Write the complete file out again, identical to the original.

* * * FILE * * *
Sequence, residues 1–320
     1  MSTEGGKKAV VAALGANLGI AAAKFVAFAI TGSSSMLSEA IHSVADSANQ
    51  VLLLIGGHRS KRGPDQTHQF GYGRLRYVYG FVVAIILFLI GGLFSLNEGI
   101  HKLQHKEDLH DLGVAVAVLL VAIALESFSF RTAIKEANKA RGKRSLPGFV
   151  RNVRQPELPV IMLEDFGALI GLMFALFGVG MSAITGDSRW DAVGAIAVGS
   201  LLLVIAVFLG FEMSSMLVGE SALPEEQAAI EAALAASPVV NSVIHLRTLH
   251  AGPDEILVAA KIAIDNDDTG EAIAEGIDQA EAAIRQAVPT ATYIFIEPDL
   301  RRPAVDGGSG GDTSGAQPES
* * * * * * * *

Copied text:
Sequence, residues 1–320
     1  MSTEGGKKAV VAALGANLGI AAAKFVAFAI TGSSSMLSEA IHSVADSANQ
    51  VLLLIGGHRS KRGPDQTHQF GYGRLRYVYG FVVAIILFLI GGLFSLNEGI
   101  HKLQHKEDLH DLGVAVAVLL VAIALESFSF RTAIKEANKA RGKRSLPGFV
   151  RNVRQPELPV IMLEDFGALI GLMFALFGVG MSAITGDSRW DAVGAIAVGS
   201  LLLVIAVFLG FEMSSMLVGE SALPEEQAAI EAALAASPVV NSVIHLRTLH
   251  AGPDEILVAA KIAIDNDDTG EAIAEGIDQA EAAIRQAVPT ATYIFIEPDL
   301  RRPAVDGGSG GDTSGAQPES